and human-bear interactions in an urban System.
(Co-advised with Dr.
Breck). Fall 2012.
- Sarah Garza. M.S. Small mammal populations and plant community
succession at artesian wells in Great Sand Dunes National Park,
Colorado. (Co-advised with Dr.
Bowser). Summer 2013.
- David Lewis. M.S. Influence of urban environments on black
populations and foraging behaviour. (Co-advised with Dr.
Breck). Fall 2013.
- Kathyrn Warner, Ph.D. Investigating the effects of noise
from energy development on the bat community in the Piceance
Basin. Summer 2016.
Current Graduate Student Research.
- Susanne Roller, M.S. Societal declines in outdoor awareness
skills of college students interested in the natural resources,
particular fish, wildlife, and conservation biology.
NOTE: As Department Head, I am not accepting
students or postdocs at this time...REALLY!
Recent Publications (See Curriculum Vitae
for all publications)
- Lewis, D. L., S. Baruch-Mordo, K. R. Wilson, S. W. Breck, J.
Mao, and J. Broderick. 2015. Foraging ecology of black bears in
urban environments: guidance for human-bear conflict
mitigation. Ecosphere 6:141. http://dx.doi.org/
- Garza, S. J., K. R. Wilson, and G. Bowser. Accepted. Water and
sand: Response of small mammals to removal of artesian wells in
Sand Dunes National Park, Colorado. Park Science 32:57-64.
- H.E. Johnson, S.W. Breck, S. Baruch-Mordoc, D.L. Lewis, C.W.
Lackey, K.R. Wilson, J. Broderick, J.S. Mao and J.P. Beckmann.
Shifting perceptions of risk and reward: dynamic selection for
development by black bears in the Western United States.
Conservation 187:164-172. doi:10.1016/j.biocon.2015.04.014
- Lewis, D. L., S. W. Breck, K. R. Wilson, and C. T. Webb.
2014. Modeling black bear population dynamics in a
stochastic environment. Ecological
Modelling 294: 51–58.
- Garza, S. J., G. Bowser, and K. R. Wilson. 2014. Plant
changes following closure of artesian wells in Great Sand Dunes
National Park, Colorado. Western North American Naturalist 74:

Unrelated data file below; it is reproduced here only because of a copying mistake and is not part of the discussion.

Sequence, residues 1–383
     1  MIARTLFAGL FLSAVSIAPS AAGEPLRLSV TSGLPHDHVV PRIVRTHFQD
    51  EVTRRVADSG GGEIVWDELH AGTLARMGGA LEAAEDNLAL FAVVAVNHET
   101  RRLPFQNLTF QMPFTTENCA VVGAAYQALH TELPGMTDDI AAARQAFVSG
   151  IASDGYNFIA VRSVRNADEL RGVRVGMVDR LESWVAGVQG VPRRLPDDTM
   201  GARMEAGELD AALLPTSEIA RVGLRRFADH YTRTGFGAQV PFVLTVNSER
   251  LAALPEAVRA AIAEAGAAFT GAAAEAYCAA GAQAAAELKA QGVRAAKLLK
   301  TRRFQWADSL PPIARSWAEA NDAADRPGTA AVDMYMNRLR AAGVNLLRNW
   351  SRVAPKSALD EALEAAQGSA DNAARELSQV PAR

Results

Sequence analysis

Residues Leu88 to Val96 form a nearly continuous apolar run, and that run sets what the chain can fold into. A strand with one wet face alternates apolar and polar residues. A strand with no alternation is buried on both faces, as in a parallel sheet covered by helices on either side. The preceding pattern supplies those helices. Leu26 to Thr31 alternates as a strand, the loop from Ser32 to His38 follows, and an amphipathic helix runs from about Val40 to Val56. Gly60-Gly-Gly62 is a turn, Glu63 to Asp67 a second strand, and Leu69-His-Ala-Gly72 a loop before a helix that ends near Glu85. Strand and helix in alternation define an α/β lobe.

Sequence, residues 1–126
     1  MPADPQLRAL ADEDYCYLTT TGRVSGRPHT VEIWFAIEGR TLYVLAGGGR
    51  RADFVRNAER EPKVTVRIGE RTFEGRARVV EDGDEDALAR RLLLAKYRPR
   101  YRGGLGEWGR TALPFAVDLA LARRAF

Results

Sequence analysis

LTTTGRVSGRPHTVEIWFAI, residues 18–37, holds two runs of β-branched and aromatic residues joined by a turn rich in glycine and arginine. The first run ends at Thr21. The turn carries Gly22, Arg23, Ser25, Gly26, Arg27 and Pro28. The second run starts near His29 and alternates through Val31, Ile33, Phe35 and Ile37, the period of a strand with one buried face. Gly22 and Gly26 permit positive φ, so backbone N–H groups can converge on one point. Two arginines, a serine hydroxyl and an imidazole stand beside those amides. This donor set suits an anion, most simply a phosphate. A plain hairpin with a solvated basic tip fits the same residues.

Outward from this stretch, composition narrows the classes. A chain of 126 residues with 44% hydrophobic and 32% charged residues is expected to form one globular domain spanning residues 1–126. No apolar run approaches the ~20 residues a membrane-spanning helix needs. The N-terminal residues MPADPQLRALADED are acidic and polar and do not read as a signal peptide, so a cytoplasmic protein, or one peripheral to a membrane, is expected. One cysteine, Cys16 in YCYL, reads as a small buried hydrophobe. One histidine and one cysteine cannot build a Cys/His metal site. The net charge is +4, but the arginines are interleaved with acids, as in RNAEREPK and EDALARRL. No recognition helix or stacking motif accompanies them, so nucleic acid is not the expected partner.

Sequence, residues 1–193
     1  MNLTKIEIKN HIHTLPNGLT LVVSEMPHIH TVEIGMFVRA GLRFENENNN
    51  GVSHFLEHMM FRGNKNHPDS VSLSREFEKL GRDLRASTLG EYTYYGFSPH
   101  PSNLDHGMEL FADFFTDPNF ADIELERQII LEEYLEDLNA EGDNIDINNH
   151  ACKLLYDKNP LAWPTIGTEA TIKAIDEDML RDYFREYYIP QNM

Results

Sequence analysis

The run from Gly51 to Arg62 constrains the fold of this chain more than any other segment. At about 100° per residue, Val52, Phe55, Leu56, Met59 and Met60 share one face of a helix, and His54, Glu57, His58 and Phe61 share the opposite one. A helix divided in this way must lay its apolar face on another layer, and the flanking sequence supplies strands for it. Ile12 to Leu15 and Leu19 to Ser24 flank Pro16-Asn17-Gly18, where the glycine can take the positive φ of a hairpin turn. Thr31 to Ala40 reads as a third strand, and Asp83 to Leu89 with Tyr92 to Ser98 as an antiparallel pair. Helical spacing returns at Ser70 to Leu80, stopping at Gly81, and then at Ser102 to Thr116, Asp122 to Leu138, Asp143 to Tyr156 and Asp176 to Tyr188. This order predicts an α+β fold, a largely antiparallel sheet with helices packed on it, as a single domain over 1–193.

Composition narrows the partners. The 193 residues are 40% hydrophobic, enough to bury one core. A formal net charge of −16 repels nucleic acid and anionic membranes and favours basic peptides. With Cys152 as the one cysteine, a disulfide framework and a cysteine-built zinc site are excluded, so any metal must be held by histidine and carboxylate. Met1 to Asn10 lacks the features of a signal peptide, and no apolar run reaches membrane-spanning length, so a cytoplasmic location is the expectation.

- Baruch-Mordo, S., K. R. Wilson, S. W. Breck, D. L. Lewis, J.
Broderick, and J. S. Mao. 2014. Stochasticity in natural forage
production affects use of urban areas by black bears:
management of human-bear conflict. Plos
- Reese, G. C., K. R. Wilson, and C. H. Flather. 2014.
Performance of species richness estimators across assemblage
survey parameters. Global
Ecology and Biogeography. 23: 585-594. doi: 10.1111/
- Reese, G. C., K. R. Wilson, and C. H. Flather. 2013. Program
software for simulating species assemblages and estimating
Ecology and Evolution 4: 891–896. doi:
- Baruch-Mordo, S., Webb, C. T., S. W. Breck, and K. R. Wilson.
2013. Use of patch selection models as a decision support tool
evaluate mitigation strategies of human-wildlife conflict.
- Snider, E. A., P. M. Cryan, and K. R. Wilson. 2013. Day-roost
selection by western long-eared myotis (Myotis evotis) at Mesa
National Park, Colorado.
of Mammalogy 94: 640-649.
- Trainor, A. M., T. S. Shenk, and K. R. Wilson. 2012. Spatial,
temporal, and biological factors associated with Preble’s meadow
jumping mouse (Zapus hudsonius preblei) home range. Journal
- Baruch-Mordo, S., S. W. Breck, K. R. Wilson, and J.
Broderick. 2011. The carrot or the stick? Evaluation of
enforcement as management tools for human-wildlife conflicts. PLoS
- Burdett, C. L., K. R. Crooks, D. M. Theobald, K. R. Wilson, E.
Boydston, L. M. Lyren, R. Fisher, T. W. Vickers, S. A. Morrison,
M. Boyce. 2010. Interfacing models of wildlife habitat and human
development to predict the future distribution of puma habitat.
4 (Inaugural July Issue).
members in the Department of Fish, Wildlife, and Conservation
the Warner College
of Natural Resources
Last Modified: August 2016